Motiv: The Queen with the scholarship recipients. Photo: Henrik Montgomery/Scanpix
On Monday 23 January, The Queen awarded scholarships from Queen Silvia's Jubilee Fund at the Royal Palace of Stockholm.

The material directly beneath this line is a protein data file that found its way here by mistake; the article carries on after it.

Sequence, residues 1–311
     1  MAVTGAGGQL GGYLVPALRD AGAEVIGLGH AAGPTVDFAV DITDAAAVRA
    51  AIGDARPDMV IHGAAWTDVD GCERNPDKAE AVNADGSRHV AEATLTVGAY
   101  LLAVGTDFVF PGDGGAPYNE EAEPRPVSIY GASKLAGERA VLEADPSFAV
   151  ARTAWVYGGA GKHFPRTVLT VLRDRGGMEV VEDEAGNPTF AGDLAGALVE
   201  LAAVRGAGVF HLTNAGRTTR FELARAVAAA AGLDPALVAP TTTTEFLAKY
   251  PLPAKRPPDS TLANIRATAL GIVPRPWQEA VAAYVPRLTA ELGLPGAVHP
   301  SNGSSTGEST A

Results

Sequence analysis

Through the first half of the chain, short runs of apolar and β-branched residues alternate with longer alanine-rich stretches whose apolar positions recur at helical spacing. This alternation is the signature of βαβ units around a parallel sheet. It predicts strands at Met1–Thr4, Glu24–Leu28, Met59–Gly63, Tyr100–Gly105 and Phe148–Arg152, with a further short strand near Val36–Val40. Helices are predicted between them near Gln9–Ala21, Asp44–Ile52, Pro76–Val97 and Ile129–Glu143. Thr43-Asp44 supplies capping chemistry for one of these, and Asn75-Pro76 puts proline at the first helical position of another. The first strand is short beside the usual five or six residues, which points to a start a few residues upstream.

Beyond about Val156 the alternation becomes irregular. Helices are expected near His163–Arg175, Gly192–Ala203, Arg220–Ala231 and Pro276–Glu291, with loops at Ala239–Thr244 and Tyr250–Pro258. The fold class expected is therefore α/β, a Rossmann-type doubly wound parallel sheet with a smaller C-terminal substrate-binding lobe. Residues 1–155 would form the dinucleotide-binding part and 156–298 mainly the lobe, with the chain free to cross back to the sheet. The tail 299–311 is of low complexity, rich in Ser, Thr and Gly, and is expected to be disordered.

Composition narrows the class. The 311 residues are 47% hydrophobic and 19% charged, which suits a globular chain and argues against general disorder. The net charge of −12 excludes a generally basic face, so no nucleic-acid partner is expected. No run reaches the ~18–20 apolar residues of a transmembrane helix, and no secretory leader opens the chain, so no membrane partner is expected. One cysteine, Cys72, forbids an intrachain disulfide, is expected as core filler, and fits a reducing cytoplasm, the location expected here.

Queen Silvia's Jubilee Fund was established in connection with The Queen's 50th birthday, and supports research on children and children's disabilities. Every year the fund awards grants which can be applied for by students enrolled on postgraduate courses at universities and university colleges in Sweden. A specific area of research is announced each year, and the theme for 2011 was methods to prevent and treat severe mental and physical disabilities among children. The scholarship recipients were: Marisa Pereira Baptista, doctoral student at the Translational Immunology Unit, Karolinska Institutet, Stockholm, for the project "Revealing the role of Wiskott-Aldrich Syndrome protein in development of eczema." — SEK 180,000 Veronica Siljehav, doctoral student at the Neonatal Research Unit, Karolinska University Hospital, Stockholm, for the project "Inflammation, oxygen deficiency and breathing disorders — new horizons for prevention and diagnostics." — SEK 160,000 Anna Maria Johansson, doctoral student at the Department of Psychology, Umeå University, for the project "Methods for identifying and training sensorimotor impairments in children and young people with cerebral palsy." — SEK 80,000 Helena Stenmark, doctoral student at the Department of Clinical Sciences, Child and Adolescent Psychiatry, Umeå University, for the project "Mental disorders in children — gender-dependent risk factors and protective factors." — SEK 80,000 Elisabeth Stoltz Sjöström, doctoral student at the Department of Clinical Sciences, Paediatrics, Umeå University, for the project "Nutrium-Express — early nutrition of extremely preterm infants." — SEK 80,000 Maria Borgestig, doctoral student at the Department of Social and Welfare Studies, Linköping University, for the project "Increased opportunities for communication and participation in everyday life for children with severe disabilities who are unable to speak — a method for implementing eye control of computers." — SEK 80,000 Pernilla Garmy, doctoral student at Kristianstad University, School of Health and Society, for the project "Sleep, overweight, TV and computer habits among school children. A longitudinal study." — SEK 80,000